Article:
India's new batting coach Vikram Rathour has joined Ravi Shastri in demanding more discipline from exciting batsman-wicketkeeper Rishabh Pant.
Pant's six-hitting ability makes him a limited-overs asset, but head coach Shastri said in a recent interview the 21-year-old's penchant for throwing away his wicket has occasionally let the team down.
The Delhi player is perceived as MS Dhoni's natural successor in limited-overs cricket when the former captain eventually hangs up his gloves, but Rathour insisted Pant must improve his shot selection.
With next year's Twenty20 World Cup in mind, Rathour extended the message to all young members of the side that fearless cricket did not mean reckless cricket.
"Rishabh is a phenomenal player, no doubt about that," Rathour, the former India opener, said in Mohali ahead of the second Twenty20 International against South Africa on Wednesday.
"He needs to sort out his gameplan a little more. He needs to bring in a little bit of discipline to his cricket.
"Of course, we want him to play all his shots. He needs to be fearless because that is what makes him special. He is an impact player but at the same time he cannot afford to be careless.
"All the young players should understand that there is a fine line between fearless and careless cricket.
"What the team management is asking from them is fearless cricket – having clear gameplans and playing with intent, backing your strengths.
"At the same time, you cannot be careless. I'm sure they are smart enough to understand that."
India will also play three Tests against South Africa next month, when limited-overs stalwart Rohit Sharma may reinvent himself as a test opener.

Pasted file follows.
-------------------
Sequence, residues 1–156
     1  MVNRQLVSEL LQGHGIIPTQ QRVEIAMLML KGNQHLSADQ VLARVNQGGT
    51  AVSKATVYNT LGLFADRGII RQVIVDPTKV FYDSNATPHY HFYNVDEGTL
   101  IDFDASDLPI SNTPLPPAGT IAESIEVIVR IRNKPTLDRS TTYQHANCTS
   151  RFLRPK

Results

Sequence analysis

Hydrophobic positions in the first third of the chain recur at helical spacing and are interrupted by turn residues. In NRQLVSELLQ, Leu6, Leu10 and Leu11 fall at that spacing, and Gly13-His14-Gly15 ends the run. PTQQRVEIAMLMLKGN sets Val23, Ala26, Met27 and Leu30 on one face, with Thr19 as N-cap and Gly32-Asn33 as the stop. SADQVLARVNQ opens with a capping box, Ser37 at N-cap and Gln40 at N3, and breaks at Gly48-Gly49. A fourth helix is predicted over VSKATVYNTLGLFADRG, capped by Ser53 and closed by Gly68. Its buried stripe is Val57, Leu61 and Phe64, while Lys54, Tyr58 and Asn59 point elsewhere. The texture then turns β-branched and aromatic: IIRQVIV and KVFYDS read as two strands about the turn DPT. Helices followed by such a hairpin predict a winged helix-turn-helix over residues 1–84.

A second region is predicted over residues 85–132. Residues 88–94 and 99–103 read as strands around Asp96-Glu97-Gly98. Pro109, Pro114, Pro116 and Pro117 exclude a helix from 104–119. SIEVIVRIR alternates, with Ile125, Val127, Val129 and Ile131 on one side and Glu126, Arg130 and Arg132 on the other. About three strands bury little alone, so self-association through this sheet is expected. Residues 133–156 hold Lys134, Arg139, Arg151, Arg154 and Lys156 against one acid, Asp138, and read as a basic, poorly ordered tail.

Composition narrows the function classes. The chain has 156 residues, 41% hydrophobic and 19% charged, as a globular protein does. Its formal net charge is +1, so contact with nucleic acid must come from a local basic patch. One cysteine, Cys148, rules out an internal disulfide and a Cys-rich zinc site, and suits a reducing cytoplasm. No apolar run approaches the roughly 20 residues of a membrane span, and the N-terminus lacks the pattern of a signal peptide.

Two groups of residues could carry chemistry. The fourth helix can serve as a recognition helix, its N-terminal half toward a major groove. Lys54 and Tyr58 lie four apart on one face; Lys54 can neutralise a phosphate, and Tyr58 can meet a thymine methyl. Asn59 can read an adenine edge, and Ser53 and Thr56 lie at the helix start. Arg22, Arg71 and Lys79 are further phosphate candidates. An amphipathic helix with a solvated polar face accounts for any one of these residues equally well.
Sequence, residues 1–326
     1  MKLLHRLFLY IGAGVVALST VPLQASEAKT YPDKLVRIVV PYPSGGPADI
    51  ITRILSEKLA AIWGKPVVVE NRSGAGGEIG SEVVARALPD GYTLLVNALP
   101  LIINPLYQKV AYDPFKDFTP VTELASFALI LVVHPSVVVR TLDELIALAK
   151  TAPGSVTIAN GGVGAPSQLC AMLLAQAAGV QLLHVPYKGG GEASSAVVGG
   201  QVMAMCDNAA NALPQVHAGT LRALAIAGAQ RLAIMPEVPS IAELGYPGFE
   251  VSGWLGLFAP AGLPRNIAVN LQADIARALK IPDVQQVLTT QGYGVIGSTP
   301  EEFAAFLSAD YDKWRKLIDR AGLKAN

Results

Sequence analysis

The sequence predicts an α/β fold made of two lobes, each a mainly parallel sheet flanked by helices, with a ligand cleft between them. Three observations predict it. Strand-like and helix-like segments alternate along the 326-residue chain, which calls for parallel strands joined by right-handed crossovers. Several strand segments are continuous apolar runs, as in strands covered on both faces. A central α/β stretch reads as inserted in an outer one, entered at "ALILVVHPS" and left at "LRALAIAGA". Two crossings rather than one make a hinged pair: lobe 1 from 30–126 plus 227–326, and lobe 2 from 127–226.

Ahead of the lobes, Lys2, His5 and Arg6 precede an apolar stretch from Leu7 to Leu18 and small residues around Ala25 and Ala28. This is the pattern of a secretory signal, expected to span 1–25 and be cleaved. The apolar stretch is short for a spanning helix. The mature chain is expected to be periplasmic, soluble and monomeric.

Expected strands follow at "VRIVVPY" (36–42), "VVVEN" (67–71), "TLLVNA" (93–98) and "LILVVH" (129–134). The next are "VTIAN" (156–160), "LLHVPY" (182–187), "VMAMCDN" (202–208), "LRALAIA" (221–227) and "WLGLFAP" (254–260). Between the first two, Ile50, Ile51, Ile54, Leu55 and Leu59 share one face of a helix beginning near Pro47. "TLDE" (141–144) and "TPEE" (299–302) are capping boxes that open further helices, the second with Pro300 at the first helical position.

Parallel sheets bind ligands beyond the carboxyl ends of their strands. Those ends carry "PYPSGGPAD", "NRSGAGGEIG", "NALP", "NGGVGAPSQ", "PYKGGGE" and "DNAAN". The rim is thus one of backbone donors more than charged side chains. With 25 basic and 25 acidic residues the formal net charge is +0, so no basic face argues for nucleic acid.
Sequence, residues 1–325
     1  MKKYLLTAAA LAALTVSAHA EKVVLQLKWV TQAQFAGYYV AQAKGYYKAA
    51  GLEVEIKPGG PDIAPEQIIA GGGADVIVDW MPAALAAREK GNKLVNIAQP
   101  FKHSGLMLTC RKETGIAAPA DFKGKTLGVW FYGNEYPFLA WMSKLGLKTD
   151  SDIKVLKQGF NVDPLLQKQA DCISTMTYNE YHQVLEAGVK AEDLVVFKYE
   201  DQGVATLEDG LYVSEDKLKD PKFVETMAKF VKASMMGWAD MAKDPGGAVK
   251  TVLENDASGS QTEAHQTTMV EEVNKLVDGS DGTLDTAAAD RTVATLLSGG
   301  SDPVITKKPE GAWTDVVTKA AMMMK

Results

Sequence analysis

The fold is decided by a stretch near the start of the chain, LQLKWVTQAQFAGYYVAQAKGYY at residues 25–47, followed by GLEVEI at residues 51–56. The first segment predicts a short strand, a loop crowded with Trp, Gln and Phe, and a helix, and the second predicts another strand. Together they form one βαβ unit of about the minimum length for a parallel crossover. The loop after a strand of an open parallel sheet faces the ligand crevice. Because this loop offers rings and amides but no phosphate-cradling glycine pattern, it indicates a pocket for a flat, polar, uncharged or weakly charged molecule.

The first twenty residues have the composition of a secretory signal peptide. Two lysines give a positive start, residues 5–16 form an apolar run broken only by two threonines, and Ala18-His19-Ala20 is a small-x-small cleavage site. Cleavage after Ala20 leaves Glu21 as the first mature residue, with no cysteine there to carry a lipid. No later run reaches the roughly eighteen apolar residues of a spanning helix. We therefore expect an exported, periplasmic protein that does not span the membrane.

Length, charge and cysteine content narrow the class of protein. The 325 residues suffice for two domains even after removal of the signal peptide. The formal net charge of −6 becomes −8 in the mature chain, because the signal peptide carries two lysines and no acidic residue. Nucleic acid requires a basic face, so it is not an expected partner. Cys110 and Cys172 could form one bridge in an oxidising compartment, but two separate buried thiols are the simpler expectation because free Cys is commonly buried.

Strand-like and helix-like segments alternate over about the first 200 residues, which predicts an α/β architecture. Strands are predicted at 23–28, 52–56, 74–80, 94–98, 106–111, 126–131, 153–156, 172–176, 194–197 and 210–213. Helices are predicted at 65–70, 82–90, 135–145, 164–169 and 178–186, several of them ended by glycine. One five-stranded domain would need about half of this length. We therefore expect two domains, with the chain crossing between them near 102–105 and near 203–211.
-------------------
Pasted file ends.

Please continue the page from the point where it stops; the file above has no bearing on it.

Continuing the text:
Rohit smashed a record five centuries at this year's 50-overs World Cup, but the white-ball stalwart has managed only 27 sporadic test appearances.
Rathour said 32-year-old Rohit has the game to succeed across formats, which would be a massive boost for the side.
"He has done so well as an opener in white ball cricket, so I don’t see any reason why he can’t do well in red ball cricket as well, provided we provide him enough opportunities," Rathour said.
"If he comes good, it will be a huge asset for the team. Somebody of his experience, the kind of cricket he plays – if he plays at the top of the order, it will be a huge thing."
Virat Kohli's side have switched their focus to T20s since their failure at the 50-over World Cup this year where they lost to New Zealand in the semi-finals.
The opening T20 of the three-match series against South Africa in Dharamsala on Sunday was abandoned because of rain without a ball being bowled.
"In the past T20 was not taken seriously. Now since you are preparing for the World Cup all these games are going to be extremely important," said Rathour. "And I think the next 20-21 games we will be playing will be our preparation for the World Cup."
The T20 World Cup is being held next year in Australia, between October and November.